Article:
Oktar is known as a flamboyant televangelist who surrounded himself with surgically enhanced women in his hourslong shows on a now-defunct TV channel his followers ran. The indictment portrays him and his followers as a dangerous cult that exploited gullible recruits and built a criminal empire thriving on blackmail and other wrongdoings. His depiction in the indictment is far from the eccentric personality seen on TV spouting conspiracy theories and anti-evolution discourse. Prosecutors say the gang he led was involved in a recruitment scheme since the late 1990s, and this involved brainwashing young women. "The organization used its good-looking members to deceive young girls and women. Those members raped or sexually abused women and were blackmailed first by members pretending that their affairs were recorded on video. They were brainwashed under the pretext of religious teachings," prosecutors say in the indictment.
Oktar was a household name in the 2000s, but his prominence dates back to the 1980s when he was arrested for "promoting theocracy" for his views. He resurfaced in 1999 when he was charged with blackmail, although he was found mentally ill by a court and spent months in a psychiatric hospital before his release. He made a comeback with a series of anti-evolution books and launched a TV station in 2011.
Mustafa Arular, who joined Oktar’s group in 2007, told the court in a hearing last week that Oktar was in total control, and nobody could do anything without asking him first. He said members were ordered to give all the money they had to the group and could spend money only for themselves in cases of emergency health issues. He also spoke about the “turnike” scheme and said they had “handlers” picking women for rape. “Women were brainwashed to serve ‘brothers’ and winning God’s blessings. All women had to have sexual intercourse with male members whether they consent to it or not,” he says. Arular also said Oktar and his followers sought to prevent people from leaving the group by blackmail and rumors. “If one person decides to leave and seek a job, they’d try to sabotage his or her attempts to find a job,” he said.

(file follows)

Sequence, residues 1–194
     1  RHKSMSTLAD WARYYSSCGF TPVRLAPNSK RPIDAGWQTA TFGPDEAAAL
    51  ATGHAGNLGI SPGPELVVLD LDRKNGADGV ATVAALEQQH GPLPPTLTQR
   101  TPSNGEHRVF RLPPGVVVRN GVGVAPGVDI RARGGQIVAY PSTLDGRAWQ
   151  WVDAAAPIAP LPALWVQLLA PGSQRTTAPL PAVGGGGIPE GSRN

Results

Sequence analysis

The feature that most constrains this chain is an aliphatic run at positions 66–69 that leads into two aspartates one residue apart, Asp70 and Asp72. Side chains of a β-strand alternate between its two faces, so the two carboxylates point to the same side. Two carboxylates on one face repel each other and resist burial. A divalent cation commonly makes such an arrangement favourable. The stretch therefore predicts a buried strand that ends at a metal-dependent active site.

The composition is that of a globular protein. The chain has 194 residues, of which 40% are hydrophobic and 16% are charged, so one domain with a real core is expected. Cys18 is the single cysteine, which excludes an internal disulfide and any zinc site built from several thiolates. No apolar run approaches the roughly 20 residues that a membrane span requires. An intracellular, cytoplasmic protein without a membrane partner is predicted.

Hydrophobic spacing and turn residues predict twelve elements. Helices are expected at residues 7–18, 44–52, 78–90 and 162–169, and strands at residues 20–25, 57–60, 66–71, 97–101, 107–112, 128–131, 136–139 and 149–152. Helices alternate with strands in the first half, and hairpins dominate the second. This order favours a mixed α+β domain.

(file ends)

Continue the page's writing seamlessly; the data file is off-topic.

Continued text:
Ece Koç joined the group 30 years ago when she was a high school senior. She left the group in 1999 when Oktar was in prison, but her husband, a member of the group, forced her back. “We were not allowed to go out without the company of other members of the group. There were also tight security measures and locked doors to stop people fleeing,” she said. Koç told the court her parents sought to save her and filed a complaint against Oktar, but his cult forced her to defame her family to stop a potential lawsuit. “I was forced to file a complaint against my father and claimed he sexually abused my son because (Adnan Oktar) wanted me to do so,” she said.
“Adnan Oktar was very abusive toward women. He used to slap and kick them. He’d cut their hair,” she said. Koç said she did not witness the “turnike” scheme but knew Oktar was a rapist. “It was clear they did not want to sleep with him, but you cannot disobey him once you are in the group. I personally saw him abusing young girls,” she said. Koç also detailed another scheme of the group to attract rich people. “They use beautiful women to draw rich and good-looking men to the group. Once these men are recruited, they are in turn used to lure young women to the group,” she said.